There has been a lot of drama and press around it lately, but which does it really deserve?
“The League of Extraordinary Packages” is what I have dubbed a collective of composer packages. Its essentially a group of developers who have gathered under a single flag (or in this case a vendor name) and set standards for the packages that live there.
Why does this even matter? Well for one Packagist (the repository that indexes all libraries known to Composer) is an open repository, this means that it is wide open for anyone to join, from the best packages to the most ridiculous ones. Quality control is not one of its roles and quality checking is on average 2-3 clicks per package away.
In Packagist, Quality control (or quality information), basically means going to the package homepage and looking at its *github bling*, those developer badges we see everywhere, then diving into scrutinizer, travis, etc. Hence, click on the package, click on the link, click on badge. This is something I believe the listing should handle better.
For these reasons a curated list of packages, whomever it is that is curating it, is an interesting resource to have, adding credibility to packages and making your life easier when you are searching for that one tool.
Lots of its bad press comes based on the name, which is wrongly interpreted as a pompous attempt at superiority by Phil Sturgeon, while it is quite simply a funny reference and a fun name. Also its the joint effort of many other fine authors and amazing PHP developers, not just him.
Also, can we stop throwing knifes at everything Phil does? Sure he has his moments, we all do, but he does good stuff also, give him a break.
So these are a few reasons I like this effort:
- Imposed Quality, Curated List: The League has its own set of rules and internal standards, this means all their packages are at a certain quality point, this makes it easier for you to judge a package’s quality and pick the right one.
Reduced author fragility: since the authors of packages join the league, they receive a lot more contribution and guidance from the existing pool of authors. This helps them keep the package up to date, but it also offer a possible pool of people who can take over if the original author has to step away. The internal pulse-check also helps catch inactive packages a lot faster.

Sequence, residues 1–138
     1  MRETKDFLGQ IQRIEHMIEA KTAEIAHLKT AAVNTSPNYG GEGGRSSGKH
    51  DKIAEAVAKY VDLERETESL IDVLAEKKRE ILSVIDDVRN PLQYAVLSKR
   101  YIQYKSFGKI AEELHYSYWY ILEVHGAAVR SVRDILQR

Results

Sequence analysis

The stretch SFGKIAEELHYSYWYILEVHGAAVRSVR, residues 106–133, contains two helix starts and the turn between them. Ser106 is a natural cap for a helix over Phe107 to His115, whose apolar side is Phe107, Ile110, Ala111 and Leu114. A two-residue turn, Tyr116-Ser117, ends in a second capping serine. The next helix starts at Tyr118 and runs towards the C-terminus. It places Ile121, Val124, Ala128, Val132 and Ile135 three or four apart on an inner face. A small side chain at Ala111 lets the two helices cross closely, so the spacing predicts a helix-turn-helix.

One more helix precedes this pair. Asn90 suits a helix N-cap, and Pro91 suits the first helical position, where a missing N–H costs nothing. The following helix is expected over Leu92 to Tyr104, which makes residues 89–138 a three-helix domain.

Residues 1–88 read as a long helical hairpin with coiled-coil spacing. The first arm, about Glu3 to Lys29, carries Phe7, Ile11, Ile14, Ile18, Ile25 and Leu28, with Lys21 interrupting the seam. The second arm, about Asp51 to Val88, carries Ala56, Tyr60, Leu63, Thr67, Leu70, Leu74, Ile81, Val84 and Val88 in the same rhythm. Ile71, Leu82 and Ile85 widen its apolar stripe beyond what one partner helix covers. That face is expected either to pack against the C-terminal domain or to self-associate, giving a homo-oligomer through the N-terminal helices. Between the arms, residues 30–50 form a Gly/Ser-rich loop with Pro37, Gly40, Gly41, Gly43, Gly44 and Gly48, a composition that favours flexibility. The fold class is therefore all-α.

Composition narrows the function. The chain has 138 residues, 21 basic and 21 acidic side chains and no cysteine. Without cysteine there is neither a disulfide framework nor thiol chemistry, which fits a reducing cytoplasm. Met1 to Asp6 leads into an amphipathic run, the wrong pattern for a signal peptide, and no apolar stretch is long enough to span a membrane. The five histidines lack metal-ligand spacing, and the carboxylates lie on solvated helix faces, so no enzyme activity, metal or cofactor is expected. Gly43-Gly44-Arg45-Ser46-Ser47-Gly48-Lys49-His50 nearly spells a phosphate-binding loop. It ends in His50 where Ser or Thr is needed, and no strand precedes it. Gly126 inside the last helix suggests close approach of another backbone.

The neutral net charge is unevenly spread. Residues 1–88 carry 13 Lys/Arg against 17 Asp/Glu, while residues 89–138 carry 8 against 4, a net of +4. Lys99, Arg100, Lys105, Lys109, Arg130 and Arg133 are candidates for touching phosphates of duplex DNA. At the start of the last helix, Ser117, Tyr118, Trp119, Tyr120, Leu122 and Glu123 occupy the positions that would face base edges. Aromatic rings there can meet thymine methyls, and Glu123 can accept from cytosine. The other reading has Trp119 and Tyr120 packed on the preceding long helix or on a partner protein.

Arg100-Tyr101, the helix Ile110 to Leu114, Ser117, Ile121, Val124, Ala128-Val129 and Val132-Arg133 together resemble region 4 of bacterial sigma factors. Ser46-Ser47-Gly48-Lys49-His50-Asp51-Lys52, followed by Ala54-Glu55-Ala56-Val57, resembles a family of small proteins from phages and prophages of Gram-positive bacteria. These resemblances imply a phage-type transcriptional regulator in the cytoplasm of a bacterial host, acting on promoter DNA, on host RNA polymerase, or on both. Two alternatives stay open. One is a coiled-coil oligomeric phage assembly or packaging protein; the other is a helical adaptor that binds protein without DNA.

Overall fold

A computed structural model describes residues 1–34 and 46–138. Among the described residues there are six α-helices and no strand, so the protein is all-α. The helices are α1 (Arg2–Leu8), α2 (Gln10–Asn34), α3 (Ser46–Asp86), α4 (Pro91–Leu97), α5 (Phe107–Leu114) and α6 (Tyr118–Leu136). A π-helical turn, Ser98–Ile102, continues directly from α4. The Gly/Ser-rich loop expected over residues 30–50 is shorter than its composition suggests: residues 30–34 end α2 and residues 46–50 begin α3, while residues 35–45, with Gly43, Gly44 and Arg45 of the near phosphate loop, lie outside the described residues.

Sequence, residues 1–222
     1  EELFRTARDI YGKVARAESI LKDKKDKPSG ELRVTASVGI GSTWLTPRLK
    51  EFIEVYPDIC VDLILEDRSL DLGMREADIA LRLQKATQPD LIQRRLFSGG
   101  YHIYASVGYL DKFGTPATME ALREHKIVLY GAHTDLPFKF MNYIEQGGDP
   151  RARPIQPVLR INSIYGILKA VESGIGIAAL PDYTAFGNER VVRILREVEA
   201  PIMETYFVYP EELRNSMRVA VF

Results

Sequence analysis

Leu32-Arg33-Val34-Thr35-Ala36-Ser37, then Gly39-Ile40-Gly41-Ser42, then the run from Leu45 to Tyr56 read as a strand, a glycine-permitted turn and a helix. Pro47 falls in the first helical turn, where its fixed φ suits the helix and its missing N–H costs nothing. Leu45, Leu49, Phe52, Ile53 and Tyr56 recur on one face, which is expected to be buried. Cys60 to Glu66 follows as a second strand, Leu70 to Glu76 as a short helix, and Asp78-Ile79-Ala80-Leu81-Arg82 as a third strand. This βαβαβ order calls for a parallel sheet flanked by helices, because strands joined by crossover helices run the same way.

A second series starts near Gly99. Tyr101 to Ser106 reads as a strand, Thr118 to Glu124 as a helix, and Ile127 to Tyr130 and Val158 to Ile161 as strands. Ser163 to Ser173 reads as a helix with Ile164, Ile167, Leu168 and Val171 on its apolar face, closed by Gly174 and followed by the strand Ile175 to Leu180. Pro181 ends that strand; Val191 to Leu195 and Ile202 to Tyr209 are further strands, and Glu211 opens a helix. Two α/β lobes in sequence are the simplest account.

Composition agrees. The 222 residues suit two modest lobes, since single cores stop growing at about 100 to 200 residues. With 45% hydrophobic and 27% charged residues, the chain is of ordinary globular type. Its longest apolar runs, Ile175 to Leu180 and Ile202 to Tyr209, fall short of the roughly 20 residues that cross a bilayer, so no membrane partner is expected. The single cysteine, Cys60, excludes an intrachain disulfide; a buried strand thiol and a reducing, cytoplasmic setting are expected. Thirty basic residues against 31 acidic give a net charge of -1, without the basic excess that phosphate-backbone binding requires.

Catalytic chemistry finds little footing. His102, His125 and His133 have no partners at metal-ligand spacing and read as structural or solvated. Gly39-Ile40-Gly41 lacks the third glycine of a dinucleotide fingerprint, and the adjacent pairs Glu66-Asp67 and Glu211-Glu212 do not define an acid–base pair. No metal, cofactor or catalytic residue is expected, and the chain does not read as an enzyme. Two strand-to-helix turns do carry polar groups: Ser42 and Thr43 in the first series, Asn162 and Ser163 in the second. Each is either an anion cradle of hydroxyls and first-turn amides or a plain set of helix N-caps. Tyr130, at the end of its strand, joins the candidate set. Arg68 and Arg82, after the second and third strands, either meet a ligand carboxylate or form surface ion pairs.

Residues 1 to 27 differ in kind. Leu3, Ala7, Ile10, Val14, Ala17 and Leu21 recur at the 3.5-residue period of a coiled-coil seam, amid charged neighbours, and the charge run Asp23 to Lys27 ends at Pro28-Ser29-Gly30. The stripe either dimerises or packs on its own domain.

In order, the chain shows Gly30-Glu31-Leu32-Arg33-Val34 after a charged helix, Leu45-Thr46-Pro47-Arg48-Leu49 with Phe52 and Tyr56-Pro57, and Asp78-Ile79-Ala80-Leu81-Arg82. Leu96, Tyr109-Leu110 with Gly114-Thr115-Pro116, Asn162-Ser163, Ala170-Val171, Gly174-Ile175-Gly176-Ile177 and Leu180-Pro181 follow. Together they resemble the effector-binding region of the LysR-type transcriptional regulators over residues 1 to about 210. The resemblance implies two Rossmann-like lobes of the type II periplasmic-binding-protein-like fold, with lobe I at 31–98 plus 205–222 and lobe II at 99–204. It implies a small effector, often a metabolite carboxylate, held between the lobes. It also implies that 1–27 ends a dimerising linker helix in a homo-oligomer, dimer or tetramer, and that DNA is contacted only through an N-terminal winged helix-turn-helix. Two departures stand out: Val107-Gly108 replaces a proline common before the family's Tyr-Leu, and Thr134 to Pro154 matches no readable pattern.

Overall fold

Extended reach: as an author its not really easy for everyone to find your package. Packagist’s ordering makes it very easy to re-use the same packages over and over and not find the new ones. With the league you get a lots more attention coming from another source. This means you can reach more people with your package and bootstrap it.
Reduced duplication: while we cannot stop duplication on Packagist (of function and much less of vendor and package names), at least inside the League we can rely on having on a single one of each package. In the long run this helps guide developers to work together and not isolate themselves in their own package.
I really enjoy the work being done by The League, or The PHPLeague, or Pleague as I prefer to call it. I think it has provided us with some very good packages and given us all something to strive for. Maybe more collectives is what we need.
Go check them out and give their packages a whirl.
Update: I wrote this a few weeks back, and today as I publish this, I’m very happy to see the League enroll into FIG via its representative Kayla Daniels. This gives me one more point I like about it:
- Operates as a Single Project: this means this group of people work as a unit and discuss all these internally as a team. This is a great reason to join, simply for the learning aspect, but it also brings a lot more quality to their internal ecosystem.